This manwha (Korean graphic novel) by Kim Dong Hwa doesn’t fit the usual conception of the graphic novel form. Instead of being an action story or even a memoir, it’s a gentle girl-centric romance. The Color of Earth is the first in a trilogy of novels about the coming of age of a young girl named Ehwa who lives in a 19-century Korean village with her widowed mother. The book begins when Ehwa is 6 years old and learns for the first time of the anatomical differences between boys and girls. The rest of the book traces her growing awareness of love and sex, all with the guidance and support of her mother. By the end of the book, she is 16 and has experienced first love and seen her own body develop into that of a young woman.
The story is beautifully told. The mother-daughter relationship is especially charming. There were a few points when I thought the mother could have been more clear and, well, foresighted in her teaching, but I think much of that comes down to generational differences. When questions and crises did happen, Ewha’s mother was consistently warm and responsive to her daughter.
I especially loved how the mother was given an inner life and her own love story. And the way she handled the customers at her tavern made me smile. She made the boundaries clear without ever seeming uptight or prudish.
And the art! Oh, the art is absolutely luscious:
The look is at times extremely naturalistic and beautiful, as you can see in the panels above. Hwa makes great use of the space on the page to pace the story, sometimes with just a panel or two on the page, and sometimes with several panels in quick succession. At times, he does revert to a more cartoonish style, particularly when the characters are having heated conversations. The faces at those moments sometimes reminded me of the faces in anime films that sometimes take on comically unrealistic expressions, despite having an otherwise realistic style.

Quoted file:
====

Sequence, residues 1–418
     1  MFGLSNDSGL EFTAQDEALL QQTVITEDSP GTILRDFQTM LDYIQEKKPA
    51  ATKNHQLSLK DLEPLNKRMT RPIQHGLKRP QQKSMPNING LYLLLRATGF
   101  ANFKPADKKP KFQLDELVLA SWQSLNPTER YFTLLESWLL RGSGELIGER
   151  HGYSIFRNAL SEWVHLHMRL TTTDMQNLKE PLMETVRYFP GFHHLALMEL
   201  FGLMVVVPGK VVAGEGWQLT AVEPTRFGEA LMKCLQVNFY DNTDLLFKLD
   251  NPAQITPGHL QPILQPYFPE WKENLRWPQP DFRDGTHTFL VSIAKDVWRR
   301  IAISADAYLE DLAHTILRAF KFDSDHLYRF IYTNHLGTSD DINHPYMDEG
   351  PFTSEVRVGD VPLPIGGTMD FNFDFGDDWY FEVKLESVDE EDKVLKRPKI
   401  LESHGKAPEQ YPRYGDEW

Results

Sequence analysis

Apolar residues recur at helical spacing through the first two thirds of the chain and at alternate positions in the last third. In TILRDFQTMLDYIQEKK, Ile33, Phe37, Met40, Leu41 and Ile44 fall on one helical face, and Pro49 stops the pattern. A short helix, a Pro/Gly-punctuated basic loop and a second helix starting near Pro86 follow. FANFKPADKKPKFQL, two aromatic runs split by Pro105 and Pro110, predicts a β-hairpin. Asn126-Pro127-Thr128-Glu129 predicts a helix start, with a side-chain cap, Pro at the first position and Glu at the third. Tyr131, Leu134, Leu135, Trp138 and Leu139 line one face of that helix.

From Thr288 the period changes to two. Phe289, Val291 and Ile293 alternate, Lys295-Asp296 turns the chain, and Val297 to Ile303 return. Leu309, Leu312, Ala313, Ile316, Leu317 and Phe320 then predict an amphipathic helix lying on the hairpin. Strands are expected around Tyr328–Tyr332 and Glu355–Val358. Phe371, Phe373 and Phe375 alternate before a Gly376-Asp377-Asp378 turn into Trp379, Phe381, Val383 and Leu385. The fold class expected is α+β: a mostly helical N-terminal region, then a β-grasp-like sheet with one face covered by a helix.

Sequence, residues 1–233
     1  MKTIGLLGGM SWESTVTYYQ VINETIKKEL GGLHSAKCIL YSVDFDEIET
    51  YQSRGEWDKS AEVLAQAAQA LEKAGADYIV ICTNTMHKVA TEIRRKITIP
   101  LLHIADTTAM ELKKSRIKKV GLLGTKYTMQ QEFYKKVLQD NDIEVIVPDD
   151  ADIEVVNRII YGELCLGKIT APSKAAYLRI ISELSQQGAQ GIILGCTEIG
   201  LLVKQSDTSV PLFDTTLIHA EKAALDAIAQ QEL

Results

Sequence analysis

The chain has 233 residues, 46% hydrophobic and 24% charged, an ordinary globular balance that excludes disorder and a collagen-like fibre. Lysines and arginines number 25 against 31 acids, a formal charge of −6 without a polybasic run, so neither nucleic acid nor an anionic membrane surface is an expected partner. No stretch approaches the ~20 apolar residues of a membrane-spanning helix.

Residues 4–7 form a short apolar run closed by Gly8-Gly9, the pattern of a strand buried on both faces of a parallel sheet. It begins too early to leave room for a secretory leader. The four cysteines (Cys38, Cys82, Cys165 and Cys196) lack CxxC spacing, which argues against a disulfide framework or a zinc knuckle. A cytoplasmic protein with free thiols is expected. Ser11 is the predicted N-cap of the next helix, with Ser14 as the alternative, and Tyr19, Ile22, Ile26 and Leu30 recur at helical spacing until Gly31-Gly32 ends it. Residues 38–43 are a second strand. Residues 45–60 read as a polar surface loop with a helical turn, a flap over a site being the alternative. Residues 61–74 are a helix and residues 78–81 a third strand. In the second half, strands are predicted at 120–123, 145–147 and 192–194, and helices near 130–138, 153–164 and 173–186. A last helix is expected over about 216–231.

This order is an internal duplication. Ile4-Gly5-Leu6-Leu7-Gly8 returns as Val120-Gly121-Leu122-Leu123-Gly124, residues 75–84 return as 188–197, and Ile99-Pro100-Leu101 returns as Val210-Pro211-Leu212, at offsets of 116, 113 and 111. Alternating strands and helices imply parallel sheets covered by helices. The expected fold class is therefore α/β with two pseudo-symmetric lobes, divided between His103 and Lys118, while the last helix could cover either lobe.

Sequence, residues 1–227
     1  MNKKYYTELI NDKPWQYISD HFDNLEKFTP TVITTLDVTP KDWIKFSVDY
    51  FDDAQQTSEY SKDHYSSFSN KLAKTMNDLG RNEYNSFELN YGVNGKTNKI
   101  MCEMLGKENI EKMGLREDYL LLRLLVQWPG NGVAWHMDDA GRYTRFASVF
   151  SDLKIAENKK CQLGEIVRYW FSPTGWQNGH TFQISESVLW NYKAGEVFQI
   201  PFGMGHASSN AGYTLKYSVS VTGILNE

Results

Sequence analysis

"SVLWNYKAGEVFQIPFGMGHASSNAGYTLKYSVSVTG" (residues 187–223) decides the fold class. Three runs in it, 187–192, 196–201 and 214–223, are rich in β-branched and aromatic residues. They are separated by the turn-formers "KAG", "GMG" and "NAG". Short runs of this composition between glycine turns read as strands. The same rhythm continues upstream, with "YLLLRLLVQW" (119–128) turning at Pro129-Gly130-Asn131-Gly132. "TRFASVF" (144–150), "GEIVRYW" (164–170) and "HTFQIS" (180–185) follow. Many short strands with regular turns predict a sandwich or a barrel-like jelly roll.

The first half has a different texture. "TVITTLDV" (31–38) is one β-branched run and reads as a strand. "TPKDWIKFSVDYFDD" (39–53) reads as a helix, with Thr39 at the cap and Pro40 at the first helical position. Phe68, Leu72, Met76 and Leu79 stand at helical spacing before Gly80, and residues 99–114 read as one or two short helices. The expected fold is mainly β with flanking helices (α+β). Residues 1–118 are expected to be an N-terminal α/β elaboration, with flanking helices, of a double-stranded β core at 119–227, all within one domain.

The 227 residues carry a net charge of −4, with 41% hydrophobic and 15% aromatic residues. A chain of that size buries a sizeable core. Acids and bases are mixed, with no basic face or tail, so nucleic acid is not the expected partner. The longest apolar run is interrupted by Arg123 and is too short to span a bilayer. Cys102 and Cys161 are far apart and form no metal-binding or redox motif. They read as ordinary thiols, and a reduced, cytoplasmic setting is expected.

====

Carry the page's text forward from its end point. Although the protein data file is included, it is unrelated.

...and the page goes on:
As much as I enjoyed the book, I did find myself rolling my eyes at some of the poetic chatter about how women are like flowers and how the gourds bloom in the moon as an expression of desire and so on. The fact that the art was so beautiful just about sold it, and it at least kept it from being outright irritating. Plus, I can expect a certain amount of mooning about when the subject of a book is a teenage girl. It didn’t seem out of place, so I didn’t let it detract from my enjoyment.
I’ve gathered, however, from Lu’s thoughts on the trilogy that this kind of thing continues and even gets worse in the succeeding books in the trilogy. When I finished Color of Earth, I had every intention of reading the rest of the trilogy, but now I’m not so sure. If my library carried the next two books, I’d probably give them a try, but I’m not sure about spending money on additional books. I’d love to hear the thoughts of others who have read the whole series.